And there’s been PLENTY in the news, even for mostly non-political types. I’m trying to decide whether that lengthening shadow is the upcoming Memorial Day blockbuster The Day After Tomorrow, or the government falling … surely one of those two. Or maybe it’s another thunderstorm that will brew and bluster and touch down for a few scarce moments, which has been the routine so far around here.

It’s one of the ironies of Blogopolis that the busier we are, and the more we have to write about, and the itchier we are to write it, the harder it is to pin down time to actually do the writing. (I’m getting very handy at the intending-to part, though.) We started Pepper of the Earth in waning fall and weathered it over the winter; so coping with summer’s splash is going to be a learning process. Maybe it’s time to think of this blog as an e-spin on the old morning pages, which I’ve neglected for years now. Unfortunately, that would involve waking up in the morning, and I’ve never been very good at that.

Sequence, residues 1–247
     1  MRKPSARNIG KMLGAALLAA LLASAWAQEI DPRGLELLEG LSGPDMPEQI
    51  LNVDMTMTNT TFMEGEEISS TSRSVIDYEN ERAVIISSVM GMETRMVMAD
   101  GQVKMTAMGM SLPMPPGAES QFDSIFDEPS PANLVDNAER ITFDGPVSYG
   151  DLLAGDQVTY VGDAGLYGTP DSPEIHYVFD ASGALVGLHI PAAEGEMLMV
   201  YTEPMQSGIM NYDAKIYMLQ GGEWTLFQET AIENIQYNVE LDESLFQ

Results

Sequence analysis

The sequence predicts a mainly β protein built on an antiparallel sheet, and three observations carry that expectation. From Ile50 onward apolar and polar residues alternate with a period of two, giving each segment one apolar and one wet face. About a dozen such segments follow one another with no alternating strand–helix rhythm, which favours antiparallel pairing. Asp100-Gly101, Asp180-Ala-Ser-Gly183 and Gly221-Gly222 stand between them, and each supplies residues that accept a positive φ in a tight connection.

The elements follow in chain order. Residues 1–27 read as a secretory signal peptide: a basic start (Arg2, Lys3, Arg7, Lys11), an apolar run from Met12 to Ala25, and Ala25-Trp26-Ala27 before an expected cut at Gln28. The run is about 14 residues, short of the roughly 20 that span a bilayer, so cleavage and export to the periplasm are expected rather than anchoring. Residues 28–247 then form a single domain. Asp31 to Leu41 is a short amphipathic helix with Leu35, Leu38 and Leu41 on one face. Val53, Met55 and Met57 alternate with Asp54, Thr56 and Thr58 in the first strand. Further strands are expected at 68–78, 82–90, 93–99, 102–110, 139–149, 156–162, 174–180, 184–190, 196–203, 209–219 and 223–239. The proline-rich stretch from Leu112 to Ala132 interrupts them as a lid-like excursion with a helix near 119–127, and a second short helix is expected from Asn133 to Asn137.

Oddest on the personal horizon, though, is my upcoming 25th High School Reunion. I’ve never been to a reunion, and I’m a bit panicked. I can’t remember if I liked these people all that much at the time, and now 25 years later? Corblimey. This is why they invented alcohol.

Posted in General Musings |

Minty Fresh Urinal Cakes (#55)

For times when your words are becalmed in the Doldrums, here’s a list of tart and pithy nothings, or slogans in search of a reason. Sitting in the office mining mounds of malarky amidst the mundane (#105)? Having a bot conversation with a hijacked laugh track (#79)? Did your lunch walk in the park turn into a fat farm field day (#66)? Feeling like a loose sleeve caught in the love machine (#40)?

In proper doses, a tonic for ennui and spackle for your soul hole (#10).

Via comments on Simple Bits, in turn via Language Log. It’s funnier than nuns in heat (#43), yep.

Speaking of urinal cakes, minty-fresh or otherwise: in my brief bout as a busboy in a Piccadilly steakhouse, I was flummoxed one day when the manager told us that we should always check the “channel blocks” at the start of a day shift to make sure they didn’t need to be replaced. Channel blocks? Much cross-cultural linguistic hilarity ensued.